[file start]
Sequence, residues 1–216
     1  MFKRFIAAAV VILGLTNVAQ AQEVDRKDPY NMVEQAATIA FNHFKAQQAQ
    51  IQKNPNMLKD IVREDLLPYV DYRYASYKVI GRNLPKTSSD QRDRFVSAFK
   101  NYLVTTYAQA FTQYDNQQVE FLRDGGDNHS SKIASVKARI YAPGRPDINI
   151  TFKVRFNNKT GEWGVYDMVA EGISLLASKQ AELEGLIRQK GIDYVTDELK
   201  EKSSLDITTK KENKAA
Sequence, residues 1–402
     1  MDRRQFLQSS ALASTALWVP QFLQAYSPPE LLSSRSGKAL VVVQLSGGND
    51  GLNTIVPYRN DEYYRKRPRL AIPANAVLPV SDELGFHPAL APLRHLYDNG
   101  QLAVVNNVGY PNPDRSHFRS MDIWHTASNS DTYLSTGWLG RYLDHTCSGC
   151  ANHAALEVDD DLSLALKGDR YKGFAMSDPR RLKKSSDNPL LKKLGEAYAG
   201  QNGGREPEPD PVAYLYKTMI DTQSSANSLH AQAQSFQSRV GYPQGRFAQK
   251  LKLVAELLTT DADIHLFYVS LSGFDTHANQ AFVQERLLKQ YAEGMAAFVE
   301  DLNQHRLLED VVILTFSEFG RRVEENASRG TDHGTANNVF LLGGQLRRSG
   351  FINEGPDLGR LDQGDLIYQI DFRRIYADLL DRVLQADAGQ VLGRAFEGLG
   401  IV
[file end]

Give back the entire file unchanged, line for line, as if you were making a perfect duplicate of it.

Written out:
Sequence, residues 1–216
     1  MFKRFIAAAV VILGLTNVAQ AQEVDRKDPY NMVEQAATIA FNHFKAQQAQ
    51  IQKNPNMLKD IVREDLLPYV DYRYASYKVI GRNLPKTSSD QRDRFVSAFK
   101  NYLVTTYAQA FTQYDNQQVE FLRDGGDNHS SKIASVKARI YAPGRPDINI
   151  TFKVRFNNKT GEWGVYDMVA EGISLLASKQ AELEGLIRQK GIDYVTDELK
   201  EKSSLDITTK KENKAA
Sequence, residues 1–402
     1  MDRRQFLQSS ALASTALWVP QFLQAYSPPE LLSSRSGKAL VVVQLSGGND
    51  GLNTIVPYRN DEYYRKRPRL AIPANAVLPV SDELGFHPAL APLRHLYDNG
   101  QLAVVNNVGY PNPDRSHFRS MDIWHTASNS DTYLSTGWLG RYLDHTCSGC
   151  ANHAALEVDD DLSLALKGDR YKGFAMSDPR RLKKSSDNPL LKKLGEAYAG
   201  QNGGREPEPD PVAYLYKTMI DTQSSANSLH AQAQSFQSRV GYPQGRFAQK
   251  LKLVAELLTT DADIHLFYVS LSGFDTHANQ AFVQERLLKQ YAEGMAAFVE
   301  DLNQHRLLED VVILTFSEFG RRVEENASRG TDHGTANNVF LLGGQLRRSG
   351  FINEGPDLGR LDQGDLIYQI DFRRIYADLL DRVLQADAGQ VLGRAFEGLG
   401  IV